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Libertas plebis: The Metaphor of Slavery in Popular Protest

Ellen O'Gorman

This paper explores how the slave operates as both paradigm and point of differentiation in Livy’s account of the struggles between patricians and plebeians in the early books of his history. It draws on recent debates in Classical scholarship about the possibility of recovering the discourses of the oppressed in elite literary texts (McCarthy; Richlin), and on work which maps how public narratives of domination (including poetic literature) both shape and are shaped by the “offstage responses” of subordinates (Scott; Fitzgerald). In particular, this paper takes as its starting point Scott’s observation that “[s]laves, serfs, untouchables, and peasants are… reacting to quite complex forms of historical domination, and thus their reaction is correspondingly elaborate” (Scott 111).

In Livy, plebeian revolutionary protests against debt bondage (nexum) dramatically foreground the usually hidden transcript of the underclass (2.23-32; 8.28). Deploying a popular rhetoric which privileges the body as the site of the political (Leigh), the nexi visually and verbally liken their state to the condition of slavery. Their ongoing struggle for political representation constitutes an attempt to give a voice to the body, and triggers an elite response in Menenius Agrippa’s parable of the belly and the limbs. These competing discourses will be interpreted through Rancière’s theory of the political emerging from the distinction between rational speech and bodily noise. Plebeian clamor demands to be heard as civic speech; by pervading the city it reconstitutes and politicises public space (O’Neill).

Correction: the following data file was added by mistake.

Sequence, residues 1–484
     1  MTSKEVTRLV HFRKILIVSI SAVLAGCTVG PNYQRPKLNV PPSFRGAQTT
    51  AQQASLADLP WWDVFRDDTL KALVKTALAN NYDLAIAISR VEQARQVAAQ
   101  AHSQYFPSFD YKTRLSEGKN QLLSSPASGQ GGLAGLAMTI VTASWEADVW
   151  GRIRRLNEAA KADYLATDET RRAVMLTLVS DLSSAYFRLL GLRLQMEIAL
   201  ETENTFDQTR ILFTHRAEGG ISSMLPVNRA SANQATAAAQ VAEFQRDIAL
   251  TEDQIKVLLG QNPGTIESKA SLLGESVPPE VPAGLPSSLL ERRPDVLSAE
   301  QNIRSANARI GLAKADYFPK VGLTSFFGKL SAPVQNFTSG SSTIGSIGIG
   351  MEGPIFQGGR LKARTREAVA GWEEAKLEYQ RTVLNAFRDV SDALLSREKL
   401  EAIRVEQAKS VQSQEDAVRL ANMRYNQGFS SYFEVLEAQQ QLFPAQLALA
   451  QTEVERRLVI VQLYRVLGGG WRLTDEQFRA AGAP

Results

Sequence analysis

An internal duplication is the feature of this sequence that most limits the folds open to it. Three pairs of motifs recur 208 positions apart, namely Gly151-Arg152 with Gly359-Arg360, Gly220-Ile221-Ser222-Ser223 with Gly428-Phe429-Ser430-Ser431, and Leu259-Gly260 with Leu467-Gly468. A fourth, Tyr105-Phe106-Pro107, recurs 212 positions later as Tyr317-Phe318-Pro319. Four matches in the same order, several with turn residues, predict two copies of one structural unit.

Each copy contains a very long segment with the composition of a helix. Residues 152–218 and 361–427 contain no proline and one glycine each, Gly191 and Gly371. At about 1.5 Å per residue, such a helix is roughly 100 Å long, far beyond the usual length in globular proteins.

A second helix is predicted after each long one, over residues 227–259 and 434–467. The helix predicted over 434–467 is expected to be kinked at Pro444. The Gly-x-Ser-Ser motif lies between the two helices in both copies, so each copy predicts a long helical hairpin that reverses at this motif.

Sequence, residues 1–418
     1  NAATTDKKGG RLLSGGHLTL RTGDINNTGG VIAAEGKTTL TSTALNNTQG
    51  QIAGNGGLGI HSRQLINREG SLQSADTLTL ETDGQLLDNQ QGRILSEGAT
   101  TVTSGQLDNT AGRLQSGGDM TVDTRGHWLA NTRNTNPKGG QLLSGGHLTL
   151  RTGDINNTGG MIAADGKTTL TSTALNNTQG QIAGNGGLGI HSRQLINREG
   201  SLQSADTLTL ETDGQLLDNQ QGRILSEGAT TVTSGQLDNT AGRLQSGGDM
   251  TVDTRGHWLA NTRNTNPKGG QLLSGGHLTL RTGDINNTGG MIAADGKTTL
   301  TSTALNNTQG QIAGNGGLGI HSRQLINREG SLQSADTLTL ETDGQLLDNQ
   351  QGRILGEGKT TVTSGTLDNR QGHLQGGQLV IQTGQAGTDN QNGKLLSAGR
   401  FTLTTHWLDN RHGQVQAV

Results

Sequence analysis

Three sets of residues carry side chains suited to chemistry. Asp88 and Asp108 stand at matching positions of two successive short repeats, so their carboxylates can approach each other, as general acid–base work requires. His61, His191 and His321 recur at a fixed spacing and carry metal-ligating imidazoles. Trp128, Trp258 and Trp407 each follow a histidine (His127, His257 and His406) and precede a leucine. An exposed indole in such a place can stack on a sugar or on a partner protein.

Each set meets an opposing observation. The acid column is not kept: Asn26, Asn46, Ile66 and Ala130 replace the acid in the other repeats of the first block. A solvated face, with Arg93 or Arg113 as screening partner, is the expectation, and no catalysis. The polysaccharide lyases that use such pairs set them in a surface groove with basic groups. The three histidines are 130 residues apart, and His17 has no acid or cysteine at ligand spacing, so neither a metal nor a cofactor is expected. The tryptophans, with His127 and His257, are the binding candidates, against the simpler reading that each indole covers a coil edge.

The public irruption of wounded and shackled bodies, however, draws its power from the unquestioned assumption of a fundamental difference between slave and free citizen. These scenes provoke civic outrage not at the injustice of violence and constraint per se, but at such indignities visited upon the bodies of veteran soldiers and free-born young Romans. The condition of slavery is thus vividly evoked in revolutionary rhetoric, but escapes interrogation: protest is clothed in the acceptable language of hegemony. Indeed, the slave revolt which intervenes in the midst of the class struggle (3.15-18) demonstrates how the slave as extra-political category is utilized but never represented by either plebeian or patrician. When patricians struggle to identify whether this new disturbance springs from plebeian resentment or the treachery of slaves (3.15.7), they obliquely acknowledge the appeals to slave imagery in protest against class oppression. Conversely, the plebeian tribunes reject the very notion of a slave revolt, claiming the disturbance as a patrician ruse to dissipate the popular movement (3.16.5). In the struggle for political dominance between the two classes of free Roman citizens, slave experience and slave resistance is rendered invisible.

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Voicing Slaves in the Greco-Roman World

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